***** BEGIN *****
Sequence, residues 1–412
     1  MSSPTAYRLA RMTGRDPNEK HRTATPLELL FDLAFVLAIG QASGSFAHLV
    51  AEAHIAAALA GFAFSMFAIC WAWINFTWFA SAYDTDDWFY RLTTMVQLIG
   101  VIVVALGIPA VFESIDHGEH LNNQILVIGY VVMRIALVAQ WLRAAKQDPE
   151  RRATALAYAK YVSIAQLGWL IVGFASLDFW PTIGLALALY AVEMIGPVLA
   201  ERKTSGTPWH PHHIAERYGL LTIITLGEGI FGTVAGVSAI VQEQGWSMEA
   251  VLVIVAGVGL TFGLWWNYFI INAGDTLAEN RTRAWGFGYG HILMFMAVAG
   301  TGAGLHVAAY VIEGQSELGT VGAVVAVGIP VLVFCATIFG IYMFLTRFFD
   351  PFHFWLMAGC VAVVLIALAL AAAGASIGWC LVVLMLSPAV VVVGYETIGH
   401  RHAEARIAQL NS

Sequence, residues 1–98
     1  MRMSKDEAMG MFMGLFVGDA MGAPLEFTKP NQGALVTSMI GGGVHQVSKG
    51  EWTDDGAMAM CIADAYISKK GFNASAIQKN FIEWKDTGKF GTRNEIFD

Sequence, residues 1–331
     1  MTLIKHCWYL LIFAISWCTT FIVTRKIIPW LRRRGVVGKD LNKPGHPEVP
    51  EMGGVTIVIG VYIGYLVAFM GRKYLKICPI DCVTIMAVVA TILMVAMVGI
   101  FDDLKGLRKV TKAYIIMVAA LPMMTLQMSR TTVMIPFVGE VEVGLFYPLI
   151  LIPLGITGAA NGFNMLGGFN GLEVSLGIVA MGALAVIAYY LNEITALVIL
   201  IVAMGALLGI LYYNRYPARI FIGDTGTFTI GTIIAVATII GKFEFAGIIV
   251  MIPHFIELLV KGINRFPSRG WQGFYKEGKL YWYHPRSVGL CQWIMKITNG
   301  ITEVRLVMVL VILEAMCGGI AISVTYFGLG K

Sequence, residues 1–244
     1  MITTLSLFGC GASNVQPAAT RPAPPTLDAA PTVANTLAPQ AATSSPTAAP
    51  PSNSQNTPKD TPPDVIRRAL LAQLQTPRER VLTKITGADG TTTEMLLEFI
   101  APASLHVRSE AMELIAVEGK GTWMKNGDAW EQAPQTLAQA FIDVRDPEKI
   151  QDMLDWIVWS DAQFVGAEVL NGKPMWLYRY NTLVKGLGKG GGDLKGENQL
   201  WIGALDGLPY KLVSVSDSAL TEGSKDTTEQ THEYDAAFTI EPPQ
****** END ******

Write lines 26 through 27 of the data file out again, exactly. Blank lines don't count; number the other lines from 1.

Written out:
   151  QDMLDWIVWS DAQFVGAEVL NGKPMWLYRY NTLVKGLGKG GGDLKGENQL
   201  WIGALDGLPY KLVSVSDSAL TEGSKDTTEQ THEYDAAFTI EPPQ